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Today is my last day at Fort Sumter and Fort Moultrie National Historical Park. This summer has been very enriching and eye opening in a way that I could never have expected. I’ve learned many lessons while being in Charleston. On the actual educational side, I’ve learned a lot about the Civil War, about slavery, and about how South Carolina got to being the great state that it is. I’ve learned about ecosystems and animals,…
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Stewardship is the intersection between three key principles: Understand, Assess, and Apply. These principles are an approach to applying resource management. Imagine being in charge of all resources (cultural, wildlife, vegetation, and physical sciences) in an area of nearly 800 thousand acres that is all of Joshua Tree National Park. That person here at Joshua Tree National Park, Jane Rodgers, is nothing short of amazing. Here’s what she taught me: First, you must understand what…
Monday, July 29, 2019

Plant Blindness

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The past couple of weeks, I’ve had the pleasure of tracking tortoises with one of the park’s volunteers, Tom. Tom is retired from a long career in the forest service and he is an amazing naturalist. Being out in the field with a naturalist is an incomparable experience. The knowledge I get to soak from them! It’s the closest I feel to being back at school. Sure, I’m learning these new skills and how to…
Monday, July 29, 2019

Almost Time to Go!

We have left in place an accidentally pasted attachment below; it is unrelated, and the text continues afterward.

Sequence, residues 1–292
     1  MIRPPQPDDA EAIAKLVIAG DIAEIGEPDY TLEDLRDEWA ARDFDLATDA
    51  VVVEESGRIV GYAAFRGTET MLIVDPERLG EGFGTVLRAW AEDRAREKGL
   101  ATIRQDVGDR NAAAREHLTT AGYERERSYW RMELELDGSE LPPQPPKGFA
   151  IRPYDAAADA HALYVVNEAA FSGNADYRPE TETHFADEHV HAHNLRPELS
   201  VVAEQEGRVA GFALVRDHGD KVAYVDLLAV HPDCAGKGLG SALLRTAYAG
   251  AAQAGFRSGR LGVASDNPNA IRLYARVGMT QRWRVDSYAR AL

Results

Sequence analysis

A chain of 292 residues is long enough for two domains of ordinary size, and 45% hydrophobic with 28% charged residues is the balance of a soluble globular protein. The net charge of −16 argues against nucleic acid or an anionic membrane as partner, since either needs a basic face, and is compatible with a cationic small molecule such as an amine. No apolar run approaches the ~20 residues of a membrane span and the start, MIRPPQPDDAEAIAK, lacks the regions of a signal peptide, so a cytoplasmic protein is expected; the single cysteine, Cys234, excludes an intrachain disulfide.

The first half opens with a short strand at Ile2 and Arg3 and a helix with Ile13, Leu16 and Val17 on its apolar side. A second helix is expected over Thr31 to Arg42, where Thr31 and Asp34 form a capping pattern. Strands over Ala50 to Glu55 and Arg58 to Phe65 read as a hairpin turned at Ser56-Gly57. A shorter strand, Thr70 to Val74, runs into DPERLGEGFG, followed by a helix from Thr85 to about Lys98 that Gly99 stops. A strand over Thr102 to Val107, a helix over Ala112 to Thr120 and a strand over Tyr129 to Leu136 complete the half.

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The past month has been both very challenging and rewarding. Most of my projects throughout the course of my internship were lined up for mid-July, and so I've been able to do a large variety of things. For Latino Conservation Week, I set up a bilingual nature walk in conjunction with Charleston County Parks and Recreation Commission. Led by NPS ranger Matt (see Reconstructions of Diversity blog!) and Allyssa, a great Stewardship Aide over at…
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A picture of Alisha's last day at Homestead National Monument of America As teacher from the Teacher Ranger Teacher Program, the majority of Alisha Chab’s job at Homestead was to develop a Distance Learning Program that focused on the homesteading movement as well as the suffrage movement and how they interacted and intersected in the United States, specifically focusing on women's roles in both of those events. She developed two programs: one as a general…
Sunday, July 28, 2019

The Lighter Side of the Fort

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For large parts of the past two weeks I have been dedicating my time researching my project by reading primary and secondary source books and documents ranging from the early 19th century up until more recent scholarship from 2016. I have also been going back and forth from the administration building to the museums collection building to locate and photograph to the best of my ability artifacts that correspond with my project. The days have…